"We're not getting the pitching we should be getting," Mele said. "We've made mistakes, and the mistakes have cost us ball games. But these pitchers can pitch and these hitters can hit. I know that."
Know it or not, and postgame workout or not, the Twins continued on their haphazard way. The height of Mele's suffering came last Friday night in Detroit. On the hallowed ground Ty Cobb once trod, the two teams were responsible for four errors, two wild pitches, 13 walks and a passed ball, but if the Tigers were bad the Twins were worse.
Tovar and Oliva played a scene in the third inning that was reminiscent of Fred Merkle, Babe Herman and Wrong-Way Riegels. Tovar led off with a single and, after his recent base-running catastrophes, apparently decided to play things cautiously. Oliva, next up, smacked a home run to right field and, admiring its soaring grace as he rounded first base, passed Tovar, who inexplicably had come back to tag up. Oliva was called out for passing another runner and his homer shrank to a single in the official score book. In disgust he slammed his batting helmet down by the first-base coach's box as Tovar sheepishly trotted around the bases and scored.
Killebrew let a hard ground ball go through his legs, Oliva overran a fly ball and rookie Jim Ollom, the Twins' third pitcher of the night, forgot to cover home on a wild pitch as Detroit's Ray Oyler scored all the way from second base. Mele did some talking in the clubhouse after the game and extracted certain amounts from two players he declined to name, but whose names got out anyway (they were Tovar and Ollom). "I don't like to fine guys," Sam said, "but it is a case of having to do it."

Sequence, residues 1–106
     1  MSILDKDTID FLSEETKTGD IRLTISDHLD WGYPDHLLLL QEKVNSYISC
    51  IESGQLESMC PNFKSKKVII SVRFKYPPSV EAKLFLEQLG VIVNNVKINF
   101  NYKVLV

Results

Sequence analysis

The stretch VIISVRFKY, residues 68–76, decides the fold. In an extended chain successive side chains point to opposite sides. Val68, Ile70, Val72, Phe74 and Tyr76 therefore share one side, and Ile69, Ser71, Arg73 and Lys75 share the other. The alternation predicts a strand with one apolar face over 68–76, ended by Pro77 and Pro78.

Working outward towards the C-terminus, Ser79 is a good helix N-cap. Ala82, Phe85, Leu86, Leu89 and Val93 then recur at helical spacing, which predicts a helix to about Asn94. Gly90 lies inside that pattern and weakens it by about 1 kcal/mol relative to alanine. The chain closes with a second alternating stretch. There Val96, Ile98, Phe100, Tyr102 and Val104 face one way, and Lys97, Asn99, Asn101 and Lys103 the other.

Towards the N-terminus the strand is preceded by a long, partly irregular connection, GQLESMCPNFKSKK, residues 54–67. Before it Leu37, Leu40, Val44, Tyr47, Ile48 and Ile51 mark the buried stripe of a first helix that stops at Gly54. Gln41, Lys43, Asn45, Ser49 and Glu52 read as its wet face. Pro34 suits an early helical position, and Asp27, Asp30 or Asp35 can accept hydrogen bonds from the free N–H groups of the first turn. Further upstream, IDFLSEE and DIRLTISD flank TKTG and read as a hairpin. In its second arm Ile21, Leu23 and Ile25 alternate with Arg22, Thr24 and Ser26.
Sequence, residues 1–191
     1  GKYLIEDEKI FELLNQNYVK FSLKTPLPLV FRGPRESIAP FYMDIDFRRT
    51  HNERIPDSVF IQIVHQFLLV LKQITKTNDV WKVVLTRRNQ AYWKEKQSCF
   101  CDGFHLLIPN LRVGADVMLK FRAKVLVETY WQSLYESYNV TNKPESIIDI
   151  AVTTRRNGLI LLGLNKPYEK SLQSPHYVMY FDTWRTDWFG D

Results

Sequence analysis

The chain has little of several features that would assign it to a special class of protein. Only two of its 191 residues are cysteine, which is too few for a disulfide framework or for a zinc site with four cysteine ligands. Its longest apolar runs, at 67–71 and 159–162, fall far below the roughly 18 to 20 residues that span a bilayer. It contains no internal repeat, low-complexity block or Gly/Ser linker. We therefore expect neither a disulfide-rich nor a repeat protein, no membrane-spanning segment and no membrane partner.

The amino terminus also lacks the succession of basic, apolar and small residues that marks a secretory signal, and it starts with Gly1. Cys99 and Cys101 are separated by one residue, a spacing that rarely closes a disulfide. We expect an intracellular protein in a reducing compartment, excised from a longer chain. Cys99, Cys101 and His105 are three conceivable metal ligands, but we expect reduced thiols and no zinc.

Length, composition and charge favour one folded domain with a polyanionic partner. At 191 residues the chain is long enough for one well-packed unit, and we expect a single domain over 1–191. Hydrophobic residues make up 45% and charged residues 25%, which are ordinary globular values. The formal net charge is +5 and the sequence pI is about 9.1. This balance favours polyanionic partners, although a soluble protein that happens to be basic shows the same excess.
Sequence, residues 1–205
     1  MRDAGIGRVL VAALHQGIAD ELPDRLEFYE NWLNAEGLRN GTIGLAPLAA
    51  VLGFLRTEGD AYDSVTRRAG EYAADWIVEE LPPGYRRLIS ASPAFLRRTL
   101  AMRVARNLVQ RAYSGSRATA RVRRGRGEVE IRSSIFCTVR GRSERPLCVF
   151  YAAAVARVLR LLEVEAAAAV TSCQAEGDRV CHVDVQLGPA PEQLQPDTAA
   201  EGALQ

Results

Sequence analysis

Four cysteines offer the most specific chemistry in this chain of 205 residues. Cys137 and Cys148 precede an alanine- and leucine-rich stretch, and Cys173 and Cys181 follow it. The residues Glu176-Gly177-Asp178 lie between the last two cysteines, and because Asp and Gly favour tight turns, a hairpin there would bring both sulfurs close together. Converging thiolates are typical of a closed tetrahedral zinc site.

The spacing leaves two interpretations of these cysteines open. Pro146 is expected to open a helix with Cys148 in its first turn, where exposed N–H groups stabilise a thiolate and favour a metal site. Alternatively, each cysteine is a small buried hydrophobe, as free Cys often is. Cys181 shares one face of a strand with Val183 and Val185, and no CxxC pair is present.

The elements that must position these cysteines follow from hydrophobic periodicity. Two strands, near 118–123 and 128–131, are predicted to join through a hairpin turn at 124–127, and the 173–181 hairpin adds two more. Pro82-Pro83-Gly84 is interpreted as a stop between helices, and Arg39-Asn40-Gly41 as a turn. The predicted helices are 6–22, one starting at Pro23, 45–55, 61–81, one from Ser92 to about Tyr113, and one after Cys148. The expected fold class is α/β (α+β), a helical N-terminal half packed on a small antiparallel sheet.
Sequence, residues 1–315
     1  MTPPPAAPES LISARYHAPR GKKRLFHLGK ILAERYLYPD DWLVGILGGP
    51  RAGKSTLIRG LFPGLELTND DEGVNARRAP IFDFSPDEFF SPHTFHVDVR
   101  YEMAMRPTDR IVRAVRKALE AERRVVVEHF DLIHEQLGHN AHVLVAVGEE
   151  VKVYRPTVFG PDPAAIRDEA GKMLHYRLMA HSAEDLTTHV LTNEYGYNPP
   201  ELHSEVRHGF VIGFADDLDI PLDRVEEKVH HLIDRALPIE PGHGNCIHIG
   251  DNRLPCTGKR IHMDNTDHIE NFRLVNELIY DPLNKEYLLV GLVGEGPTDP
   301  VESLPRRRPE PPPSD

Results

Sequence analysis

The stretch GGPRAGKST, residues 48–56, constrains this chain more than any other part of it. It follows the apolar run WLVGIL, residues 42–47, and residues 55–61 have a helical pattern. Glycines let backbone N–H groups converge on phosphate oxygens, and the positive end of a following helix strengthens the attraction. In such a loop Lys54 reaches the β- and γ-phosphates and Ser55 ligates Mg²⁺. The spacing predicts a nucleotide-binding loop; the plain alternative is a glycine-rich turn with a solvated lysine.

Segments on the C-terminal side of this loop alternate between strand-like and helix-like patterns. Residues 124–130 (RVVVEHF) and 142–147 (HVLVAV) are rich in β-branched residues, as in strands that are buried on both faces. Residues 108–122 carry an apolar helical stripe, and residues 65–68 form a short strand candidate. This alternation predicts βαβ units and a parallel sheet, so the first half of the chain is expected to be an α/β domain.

Despite everything, there were some happy aspects for the Twins, not the least of which was the cheering fact that no other team was off to a particularly blazing start. Zoilo Versalles at shortstop was playing back to his 1965 Most Valuable Player form, fielding nicely and at one point leading the league in batting. Tovar was asleep on the base paths but wide awake at the plate and in center field. He came back the day after the Oliva home-run embarrassment and went four for four.
Rod Carew, a native of Panama who finished high school in New York City, played errorless ball at second base and was an aggressive left-handed batter, not even shying away from lefty fast bailers like Cleveland's Sam McDowell. It began to look as though Carew would indeed make the jump from Class A baseball (Wilson, of the Carolina League) straight to the majors. He was picked off first base twice—to prove he belonged on the Twins—but he looked accomplished on double plays, hit a two-run homer against the Tigers, singled twice against them another day and pretty much demonstrated to Mele that at least there was something to smile about. When Ollom forgot to cover home on that wild pitch, Carew ran all the way in from second to do it for him, though he was too late.
And Dean Chance caught on just like the bratwurst. He was shaky in his first game, against the Orioles in Baltimore, but he insisted that he had good stuff. Last Sunday in Detroit he struck out eight and gave up just one run in seven innings before being lifted for a pinch hitter. His brightest day came in between. The Twins had lost four of their first five, but Chance came back against the Orioles in Minnesota and beat them with a 10-strikeout, five-hit, 3-2 performance in what felt like a must game to the dragging Twins. Harmon Killebrew hit a two-run homer and Carew, naturally, won the game for Chance with a single to center in the bottom of the ninth.
In the clubhouse the Twins were shouting and congratulating each other, and the future seemed suddenly brighter. Chance hugged Carew and Killebrew and accepted a symbolic hot dog from his sidekick, Ollom, who put him down with, "Dean, you messed up. You told me you needed only one run to win."
They were still in the second division, but they were making jokes like winners again.